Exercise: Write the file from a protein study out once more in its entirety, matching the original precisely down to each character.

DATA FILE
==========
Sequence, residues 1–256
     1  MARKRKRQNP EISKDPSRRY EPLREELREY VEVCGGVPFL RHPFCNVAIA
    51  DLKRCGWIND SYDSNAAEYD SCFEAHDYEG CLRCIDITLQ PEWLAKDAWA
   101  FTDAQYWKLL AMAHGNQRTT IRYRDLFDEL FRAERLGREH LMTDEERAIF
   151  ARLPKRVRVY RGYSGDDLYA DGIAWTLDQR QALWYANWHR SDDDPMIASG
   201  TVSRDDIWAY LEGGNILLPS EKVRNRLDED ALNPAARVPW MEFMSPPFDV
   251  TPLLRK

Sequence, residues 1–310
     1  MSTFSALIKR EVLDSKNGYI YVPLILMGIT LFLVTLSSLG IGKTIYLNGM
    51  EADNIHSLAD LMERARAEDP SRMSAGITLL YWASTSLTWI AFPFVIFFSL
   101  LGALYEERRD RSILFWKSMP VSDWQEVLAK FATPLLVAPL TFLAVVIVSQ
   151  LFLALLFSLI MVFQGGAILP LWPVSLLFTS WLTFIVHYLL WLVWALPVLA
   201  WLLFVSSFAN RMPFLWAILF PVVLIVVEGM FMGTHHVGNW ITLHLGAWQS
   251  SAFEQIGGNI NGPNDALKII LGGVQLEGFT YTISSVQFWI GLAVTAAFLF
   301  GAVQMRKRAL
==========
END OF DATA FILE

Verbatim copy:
Sequence, residues 1–256
     1  MARKRKRQNP EISKDPSRRY EPLREELREY VEVCGGVPFL RHPFCNVAIA
    51  DLKRCGWIND SYDSNAAEYD SCFEAHDYEG CLRCIDITLQ PEWLAKDAWA
   101  FTDAQYWKLL AMAHGNQRTT IRYRDLFDEL FRAERLGREH LMTDEERAIF
   151  ARLPKRVRVY RGYSGDDLYA DGIAWTLDQR QALWYANWHR SDDDPMIASG
   201  TVSRDDIWAY LEGGNILLPS EKVRNRLDED ALNPAARVPW MEFMSPPFDV
   251  TPLLRK

Sequence, residues 1–310
     1  MSTFSALIKR EVLDSKNGYI YVPLILMGIT LFLVTLSSLG IGKTIYLNGM
    51  EADNIHSLAD LMERARAEDP SRMSAGITLL YWASTSLTWI AFPFVIFFSL
   101  LGALYEERRD RSILFWKSMP VSDWQEVLAK FATPLLVAPL TFLAVVIVSQ
   151  LFLALLFSLI MVFQGGAILP LWPVSLLFTS WLTFIVHYLL WLVWALPVLA
   201  WLLFVSSFAN RMPFLWAILF PVVLIVVEGM FMGTHHVGNW ITLHLGAWQS
   251  SAFEQIGGNI NGPNDALKII LGGVQLEGFT YTISSVQFWI GLAVTAAFLF
   301  GAVQMRKRAL